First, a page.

CARIFESTA XIII has officially begun. The pulsating rhythms of the region, and its electrifying colours of costumes have been brought to Barbados for 10 days of music, art, performance, literature and culture.

On Sunday, August 20, thousands of delegates from across the region met in Queen’s Park to begin the official start of this region’s largest arts festival.  With welcoming smiles and impromptu performances, the delegates from across the region met up to share in the oneness of Caribbean identity.

Afterwards, they assembled in various groups and paraded through the streets of Bridgetown.  They wore items depicting their traditional masquerade costumes or clothing that reflected their country’s national colours and symbols.  It was indeed a sight to behold.

Some delegates carried drums, while others, such as those from Haiti, wore spectacularly embroidered and elaborate costumes, face paint, and colourful headpieces. Each of the 27 delegations brought their cultural traditions to the streets, as they made their way to the Kensington Oval for the official opening ceremony of CARIFESTA XIII.

During his feature address, Minister of Culture, Sports and Youth, Stephen Lashley, referred to this vibrancy as the factor that would continue to develop the region.  While expressing the view that culture needed to be the new frontier for the further development of Barbados and the region, Mr. Lashley spoke about the Host Country Management Committee’s vision for CARIFESTA XIII.

“As we began planning for the festival some two years ago, we chose from the outset to place the development of the cultural industries at the core of the festival. It is reflected in the elements of the festival, with the restructuring of the Grand Market and the Buyers Shopping Mall, which is operational at the Lloyd Erskine Sandiford Centre,” he said.


Minister Lashley disclosed that 32 buyers were invited from Europe and North America to review the products of Caribbean Creatives in the areas of fashion, music, gourmet products, beauty products and the visual arts.

Additionally, he noted that this new direction is intended to position the festival as a “world renowned mega festival of Caribbean cultural and artistic excellence”, with the hope of bringing economic benefits, uniting the region and exciting all peoples.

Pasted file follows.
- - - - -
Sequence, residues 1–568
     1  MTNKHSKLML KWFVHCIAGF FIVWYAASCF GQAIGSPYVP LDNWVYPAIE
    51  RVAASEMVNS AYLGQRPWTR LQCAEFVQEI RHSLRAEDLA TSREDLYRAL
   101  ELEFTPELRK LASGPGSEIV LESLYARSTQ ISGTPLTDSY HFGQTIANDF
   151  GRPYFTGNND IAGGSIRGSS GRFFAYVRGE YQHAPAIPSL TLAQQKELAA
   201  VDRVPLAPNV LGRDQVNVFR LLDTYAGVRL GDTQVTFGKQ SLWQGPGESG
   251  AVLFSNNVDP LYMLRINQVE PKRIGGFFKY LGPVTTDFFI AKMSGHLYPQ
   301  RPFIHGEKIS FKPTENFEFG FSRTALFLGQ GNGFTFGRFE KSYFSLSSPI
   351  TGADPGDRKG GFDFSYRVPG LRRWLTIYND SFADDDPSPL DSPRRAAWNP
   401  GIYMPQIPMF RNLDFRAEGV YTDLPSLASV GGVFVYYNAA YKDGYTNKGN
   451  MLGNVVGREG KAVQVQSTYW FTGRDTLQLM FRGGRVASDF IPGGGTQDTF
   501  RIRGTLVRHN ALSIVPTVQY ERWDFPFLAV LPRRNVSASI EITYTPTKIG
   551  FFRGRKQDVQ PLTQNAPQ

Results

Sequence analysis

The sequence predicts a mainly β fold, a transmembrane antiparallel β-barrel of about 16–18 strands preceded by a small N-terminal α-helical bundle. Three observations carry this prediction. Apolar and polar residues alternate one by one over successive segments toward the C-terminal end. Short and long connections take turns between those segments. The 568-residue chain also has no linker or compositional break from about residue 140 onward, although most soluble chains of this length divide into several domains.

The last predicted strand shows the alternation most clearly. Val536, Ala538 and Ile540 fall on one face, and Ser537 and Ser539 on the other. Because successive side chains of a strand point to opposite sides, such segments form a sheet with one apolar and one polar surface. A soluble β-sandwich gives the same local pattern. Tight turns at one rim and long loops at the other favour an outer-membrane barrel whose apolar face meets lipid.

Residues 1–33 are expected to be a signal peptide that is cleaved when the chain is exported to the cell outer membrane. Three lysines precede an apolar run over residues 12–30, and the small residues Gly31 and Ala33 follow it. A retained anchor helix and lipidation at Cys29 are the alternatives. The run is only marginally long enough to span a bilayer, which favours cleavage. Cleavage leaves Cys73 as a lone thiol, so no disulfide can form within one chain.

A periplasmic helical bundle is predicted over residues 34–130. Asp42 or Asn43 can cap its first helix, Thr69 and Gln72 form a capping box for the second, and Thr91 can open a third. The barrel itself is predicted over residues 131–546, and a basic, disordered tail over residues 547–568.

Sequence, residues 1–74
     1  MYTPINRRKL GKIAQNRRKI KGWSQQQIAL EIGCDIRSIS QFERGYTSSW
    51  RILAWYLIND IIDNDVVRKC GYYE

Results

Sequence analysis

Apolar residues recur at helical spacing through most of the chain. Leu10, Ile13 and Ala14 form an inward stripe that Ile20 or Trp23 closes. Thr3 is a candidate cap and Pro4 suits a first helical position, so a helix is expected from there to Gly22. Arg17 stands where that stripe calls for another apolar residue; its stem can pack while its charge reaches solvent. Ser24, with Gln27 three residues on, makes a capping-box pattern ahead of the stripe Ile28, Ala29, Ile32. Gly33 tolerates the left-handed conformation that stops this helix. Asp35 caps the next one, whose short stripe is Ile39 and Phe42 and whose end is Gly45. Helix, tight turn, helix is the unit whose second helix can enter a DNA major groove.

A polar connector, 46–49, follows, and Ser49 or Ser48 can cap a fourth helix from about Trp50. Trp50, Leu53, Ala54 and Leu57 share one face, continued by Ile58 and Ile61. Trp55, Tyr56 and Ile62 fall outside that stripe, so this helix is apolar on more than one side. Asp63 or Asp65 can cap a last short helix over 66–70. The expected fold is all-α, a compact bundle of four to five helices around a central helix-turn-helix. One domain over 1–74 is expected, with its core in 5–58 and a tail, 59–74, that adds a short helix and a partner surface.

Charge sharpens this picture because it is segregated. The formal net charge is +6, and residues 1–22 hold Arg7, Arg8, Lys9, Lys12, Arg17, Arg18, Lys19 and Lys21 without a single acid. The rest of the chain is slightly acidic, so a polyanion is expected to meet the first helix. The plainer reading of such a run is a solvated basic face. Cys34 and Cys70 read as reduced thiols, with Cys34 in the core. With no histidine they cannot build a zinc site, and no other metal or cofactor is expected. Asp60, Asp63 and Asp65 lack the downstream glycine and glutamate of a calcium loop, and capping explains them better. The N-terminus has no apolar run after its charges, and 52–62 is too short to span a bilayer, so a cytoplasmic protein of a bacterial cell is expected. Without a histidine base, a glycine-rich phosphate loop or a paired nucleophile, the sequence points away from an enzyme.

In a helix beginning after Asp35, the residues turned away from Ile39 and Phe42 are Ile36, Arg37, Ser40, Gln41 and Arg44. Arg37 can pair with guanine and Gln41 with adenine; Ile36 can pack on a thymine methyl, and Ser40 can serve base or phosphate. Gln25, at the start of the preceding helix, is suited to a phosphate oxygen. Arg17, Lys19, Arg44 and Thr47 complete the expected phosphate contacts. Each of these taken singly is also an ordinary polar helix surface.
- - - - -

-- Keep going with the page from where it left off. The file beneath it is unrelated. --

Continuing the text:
While speaking to the thousands gathered, the Minister said that CARIFESTA XIII would be remembered as a turning point in the region’s quest for further economic diversity, and for the deepening of cultural ties within the region, while “establishing the real significance of the cultural industries as key to the economic transformation of our economies”.

As Barbados continues to make strides in developing the infrastructure for the Cultural Industries, the Culture Minister announced that two more names had been added to Barbados’ list of Cultural Ambassadors.

“The Cabinet has formalised the conferment of the title “Cultural Ambassador” on Rihanna; it has also renewed the conferment of the title of Cultural Ambassador on the Mighty Gabby and expanded the cadre to include two new Cultural Ambassadors in Stedson “RPB” Wiltshire and Allison Hinds. The formalities to have their instruments of appointment presented will shortly be put in place.”


Secretary General of CARICOM, Irwin Larocque, who also addressed the thousands gathered, echoed Minister Lashley’s sentiments on the importance of culture and its development of the Caribbean.

“Our heads of government have indicated repeatedly that the development of culture and the creative industries is an integral part of the region’s strategy to generate inclusive, equitable and sustainable growth,” he said. He further stated that culture is the “cornerstone” of the regional integration movement and it is in fact a force that “binds” and inspires the region’s peoples.

Mr. Larocque also pointed out that CARIFESTA plays an important role in the region’s cultural development. “Since 2004, the committee has recognised this festival as the ideal forum in which to advance the development of our cultural and creative industries for the benefit of our artists and the region. This has been recognised by [governments] who have endorsed the strategic plan to present a new CARIFESTA that will bring economic benefits, in addition to its tremendous social and cultural value,” he stated.

According to the Secretary General, the draft regional development strategy for cultural industries identifies the establishment of sustainable financing mechanisms at the national and regional levels to support cultural industry development.

He also added that the Caribbean Development Bank had recently approved USD 2.6 million to establish a Cultural and Creative Industries Innovation Fund.  Among other things, the fund will assist the public and private sectors of member states with seed funding for enterprises.

After the speeches, spectators were treated to the energetic and upbeat sounds of several local entertainers and groups, including Ayana John, Pinelands Creative Workshop, Sistaz and Dancin’ Africa.

And, although the passage of Tropical Storm Harvey had delayed the opening of this spectacular event, it had not put a damper on the evening’s festivities.

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